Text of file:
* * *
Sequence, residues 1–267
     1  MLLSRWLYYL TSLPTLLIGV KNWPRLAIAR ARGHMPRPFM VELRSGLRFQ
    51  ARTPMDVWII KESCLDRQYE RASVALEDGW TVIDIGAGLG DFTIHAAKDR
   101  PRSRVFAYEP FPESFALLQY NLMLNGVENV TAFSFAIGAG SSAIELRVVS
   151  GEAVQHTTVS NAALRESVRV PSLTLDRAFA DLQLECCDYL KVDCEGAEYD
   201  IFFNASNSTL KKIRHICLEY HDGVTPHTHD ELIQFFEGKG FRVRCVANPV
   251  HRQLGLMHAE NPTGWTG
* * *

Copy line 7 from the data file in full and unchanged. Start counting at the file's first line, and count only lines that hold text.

   251  HRQLGLMHAE NPTGWTG